Finally, on the second day, the doctor informed us that he had physical markers of Down Syndrome. But, he did not specify what those markers were. He followed that with the news that they had sent his blood to be tested for Trisomy 21. We now know the main reason he was unable to maintain his oxygen levels was a combination of low muscle tone and small holes in his heart. These both closed on their own by 4 weeks (about 60% of babies with Down syndrome have heart defects).
We were a bit confused, but after much discussion, we were excited about this new adventure. After two weeks in the NICU, we were able to take our baby home and jump into the wonderful world of Down syndrome.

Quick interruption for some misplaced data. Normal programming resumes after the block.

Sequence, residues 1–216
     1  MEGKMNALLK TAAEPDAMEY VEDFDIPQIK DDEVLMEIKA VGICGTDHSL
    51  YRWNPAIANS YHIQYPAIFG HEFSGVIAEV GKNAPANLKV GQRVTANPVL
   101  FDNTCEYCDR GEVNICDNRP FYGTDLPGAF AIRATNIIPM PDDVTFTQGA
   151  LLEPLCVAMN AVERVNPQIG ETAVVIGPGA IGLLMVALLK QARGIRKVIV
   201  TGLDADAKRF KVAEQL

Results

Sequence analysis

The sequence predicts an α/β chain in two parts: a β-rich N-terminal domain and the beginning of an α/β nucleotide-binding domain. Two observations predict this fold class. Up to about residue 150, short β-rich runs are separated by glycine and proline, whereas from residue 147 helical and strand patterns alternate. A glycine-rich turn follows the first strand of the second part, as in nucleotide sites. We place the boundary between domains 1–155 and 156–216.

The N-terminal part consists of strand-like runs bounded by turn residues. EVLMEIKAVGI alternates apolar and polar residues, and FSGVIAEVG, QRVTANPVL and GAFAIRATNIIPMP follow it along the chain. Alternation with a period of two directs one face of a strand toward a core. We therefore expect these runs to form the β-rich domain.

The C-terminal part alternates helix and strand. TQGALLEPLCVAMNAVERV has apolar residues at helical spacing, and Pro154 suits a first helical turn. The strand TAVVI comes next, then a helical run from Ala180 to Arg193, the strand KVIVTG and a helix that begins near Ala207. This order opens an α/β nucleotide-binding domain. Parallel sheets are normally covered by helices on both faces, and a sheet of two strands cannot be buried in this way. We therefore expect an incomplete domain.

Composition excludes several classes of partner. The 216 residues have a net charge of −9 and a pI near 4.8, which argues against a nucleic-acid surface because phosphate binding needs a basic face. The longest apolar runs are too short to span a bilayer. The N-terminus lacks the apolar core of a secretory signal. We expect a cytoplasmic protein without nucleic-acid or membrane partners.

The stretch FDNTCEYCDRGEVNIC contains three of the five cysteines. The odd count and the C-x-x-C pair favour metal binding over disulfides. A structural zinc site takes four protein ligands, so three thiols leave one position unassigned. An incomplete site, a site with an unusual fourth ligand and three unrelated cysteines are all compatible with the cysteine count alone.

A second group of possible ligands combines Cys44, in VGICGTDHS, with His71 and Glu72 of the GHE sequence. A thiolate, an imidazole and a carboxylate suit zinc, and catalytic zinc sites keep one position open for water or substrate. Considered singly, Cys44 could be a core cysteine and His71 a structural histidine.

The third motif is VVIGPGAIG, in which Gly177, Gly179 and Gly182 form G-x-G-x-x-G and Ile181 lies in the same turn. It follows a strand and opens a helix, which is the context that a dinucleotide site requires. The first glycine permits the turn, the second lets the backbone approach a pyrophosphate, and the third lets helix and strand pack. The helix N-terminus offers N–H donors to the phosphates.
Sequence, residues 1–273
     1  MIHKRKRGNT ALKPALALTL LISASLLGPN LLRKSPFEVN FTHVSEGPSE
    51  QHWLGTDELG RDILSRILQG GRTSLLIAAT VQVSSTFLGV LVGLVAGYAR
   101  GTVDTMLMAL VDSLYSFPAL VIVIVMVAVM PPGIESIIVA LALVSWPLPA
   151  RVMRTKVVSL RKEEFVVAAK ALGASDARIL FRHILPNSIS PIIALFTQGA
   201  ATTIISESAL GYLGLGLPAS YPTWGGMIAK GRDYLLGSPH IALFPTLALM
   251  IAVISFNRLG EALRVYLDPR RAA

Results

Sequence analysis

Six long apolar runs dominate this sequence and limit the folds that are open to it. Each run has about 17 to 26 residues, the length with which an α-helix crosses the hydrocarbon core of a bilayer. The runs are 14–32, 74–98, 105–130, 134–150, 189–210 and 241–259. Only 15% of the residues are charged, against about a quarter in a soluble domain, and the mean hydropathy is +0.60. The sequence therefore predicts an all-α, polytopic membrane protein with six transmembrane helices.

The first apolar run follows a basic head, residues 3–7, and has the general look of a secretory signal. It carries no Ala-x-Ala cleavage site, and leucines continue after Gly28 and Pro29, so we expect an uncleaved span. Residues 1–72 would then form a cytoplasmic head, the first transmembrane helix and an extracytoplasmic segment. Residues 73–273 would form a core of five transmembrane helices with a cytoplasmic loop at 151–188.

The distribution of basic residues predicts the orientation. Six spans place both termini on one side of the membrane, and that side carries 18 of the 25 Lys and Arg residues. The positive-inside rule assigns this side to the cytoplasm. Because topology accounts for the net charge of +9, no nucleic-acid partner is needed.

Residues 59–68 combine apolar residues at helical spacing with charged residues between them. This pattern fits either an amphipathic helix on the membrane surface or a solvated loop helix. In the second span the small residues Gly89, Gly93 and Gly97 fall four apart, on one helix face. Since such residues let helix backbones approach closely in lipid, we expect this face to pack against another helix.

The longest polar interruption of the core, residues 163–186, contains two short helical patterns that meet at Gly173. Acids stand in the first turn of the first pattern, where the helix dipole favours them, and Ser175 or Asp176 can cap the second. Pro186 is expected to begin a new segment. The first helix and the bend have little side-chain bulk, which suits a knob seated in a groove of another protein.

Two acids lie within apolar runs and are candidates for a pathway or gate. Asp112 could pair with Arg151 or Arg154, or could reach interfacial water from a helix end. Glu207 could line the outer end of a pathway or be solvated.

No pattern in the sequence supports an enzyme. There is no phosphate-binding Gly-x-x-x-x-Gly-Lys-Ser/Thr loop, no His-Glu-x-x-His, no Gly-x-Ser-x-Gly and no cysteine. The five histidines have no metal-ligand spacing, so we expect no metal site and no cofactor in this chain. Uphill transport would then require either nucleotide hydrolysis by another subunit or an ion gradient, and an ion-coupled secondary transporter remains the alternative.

Two of the myths we were concerned about after receiving his diagnosis, were whether or not he would die young, and if he would be able to be an active participant in our community.
We learned that people with Down syndrome, thanks to medical advancements in understanding this condition and advocates for inclusion in the Down syndrome community, can live well into their 60s and 70s, obtain meaningful jobs, talk, run, play, learn alongside peers, and be active citizens in their communities and live full, meaningful lives.
With early intervention, implementation of speech (including the use of the Speech Blubs app to supplement his therapies at home), occupational, and physical therapies as needed, and our active participation in these therapies, we have seen, first hand, our son soar!